- Image schemas illuminate another level at which cultural knowledge may be uniquely patterned. In my analysis of religious understandings, I used principal factor and regression analysis to identify patterns of variation in image schema use and established that these patterns had statistically significant associations with key demographic variables. I found that women and those with higher educational attainment were more likely to use the CENTER and LINK and less likely to use the PATH schema. Black Protestants used the PATH and SOURCE schemas more frequently, and Muslims and other religious minorities in America used the CONTAINER schema more regularly. Upon reexamining the interviews in light of these findings, it became clear that these image schema patterns related to substantively different understandings and reasoning about religion’s role in life that were not obvious at first glance. For example, those who scored very high on the first factor exemplified a highly metaphysical understanding of the religion, in which religion serves as a CENTER identity and a LINK to reality to keep one from floating in meaninglessness. On the other hand, those who scored very low on this factor expressed a very practical understanding of religion, in which religion is a PATH tied to everyday decision-making. This first pattern, then, indicates a continuum between metaphysical and practical understandings of faith that varies significantly by gender and education level. As another example, the use of the CONTAINER image schema by Muslims and other religious minorities was associated with a conception of religion as a framework, structure, or set of boundaries, often involving set rules, observances, and restraints. These respondents often prefaced statements with, “Within our faith…” as a way of distinguishing their religion from others. This difference (which is mostly implicit) stems from perceptions of their religion as significantly different from other religions in America.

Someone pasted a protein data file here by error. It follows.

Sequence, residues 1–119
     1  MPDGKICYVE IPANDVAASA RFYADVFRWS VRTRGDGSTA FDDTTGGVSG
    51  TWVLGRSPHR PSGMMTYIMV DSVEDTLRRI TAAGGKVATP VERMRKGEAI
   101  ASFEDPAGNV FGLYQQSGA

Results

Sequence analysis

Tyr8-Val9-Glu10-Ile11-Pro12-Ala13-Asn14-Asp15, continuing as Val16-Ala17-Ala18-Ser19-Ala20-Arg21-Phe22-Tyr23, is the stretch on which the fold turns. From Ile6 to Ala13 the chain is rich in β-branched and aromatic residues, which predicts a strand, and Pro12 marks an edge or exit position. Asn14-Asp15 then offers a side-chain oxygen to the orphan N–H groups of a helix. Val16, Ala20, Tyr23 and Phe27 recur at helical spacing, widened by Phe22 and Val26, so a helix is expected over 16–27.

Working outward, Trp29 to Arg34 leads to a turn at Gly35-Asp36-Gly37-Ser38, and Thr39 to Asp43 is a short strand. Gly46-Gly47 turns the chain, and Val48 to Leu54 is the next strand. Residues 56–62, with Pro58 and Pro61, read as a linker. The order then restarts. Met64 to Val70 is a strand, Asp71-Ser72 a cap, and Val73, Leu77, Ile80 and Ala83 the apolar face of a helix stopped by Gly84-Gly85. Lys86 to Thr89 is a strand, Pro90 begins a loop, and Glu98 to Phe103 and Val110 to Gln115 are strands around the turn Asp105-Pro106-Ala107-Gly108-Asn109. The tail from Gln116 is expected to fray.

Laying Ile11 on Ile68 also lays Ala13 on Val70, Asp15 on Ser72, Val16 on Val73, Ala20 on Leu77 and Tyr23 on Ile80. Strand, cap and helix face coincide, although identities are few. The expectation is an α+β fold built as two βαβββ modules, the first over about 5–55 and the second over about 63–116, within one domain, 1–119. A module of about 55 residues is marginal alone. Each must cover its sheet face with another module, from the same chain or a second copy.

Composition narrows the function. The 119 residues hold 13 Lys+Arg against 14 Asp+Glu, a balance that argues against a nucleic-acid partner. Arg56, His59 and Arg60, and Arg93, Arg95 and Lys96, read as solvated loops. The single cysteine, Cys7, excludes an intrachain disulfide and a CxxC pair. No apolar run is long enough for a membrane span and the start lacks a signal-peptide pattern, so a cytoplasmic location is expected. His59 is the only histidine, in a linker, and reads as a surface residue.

- Image schema analysis also improves our understanding of “how culture works” by grounding studies in established theories about human cognition. Much debate in sociology and anthropology has revolved around questions about the coherence, consistency, and sharedness of culture. However, these arguments have often relied solely on patterns in explicit discourse and sometimes on respondents’ speaking abilities, articulacy, and demeanor. These standards alone can be highly misleading, as “we can know more than we can tell” (Polanyi  2009: 4), and our cultural knowledge is more elaborate than what we can consciously express. On the other hand, by focusing on image schemas, we can detect implicit patterns of consistency, coherence, and/or sharedness in cultural understandings, in spite of the challenges and biases that explicit discourse analysis presents. The religious discourse in my study was often disorganized, idiosyncratic, and scattered, which could imply conceptual incoherence and difference among respondents. However, at the level of implicit image schemas, respondents exemplified highly coherent and similar religious understandings with only 5 image schemas structuring their thoughts on religion. The 5 image schemas were also found among respondents of nearly every demographic category, indicating that they are widely shared ways of understanding religion, even if certain groups rely on particular schemas more than others.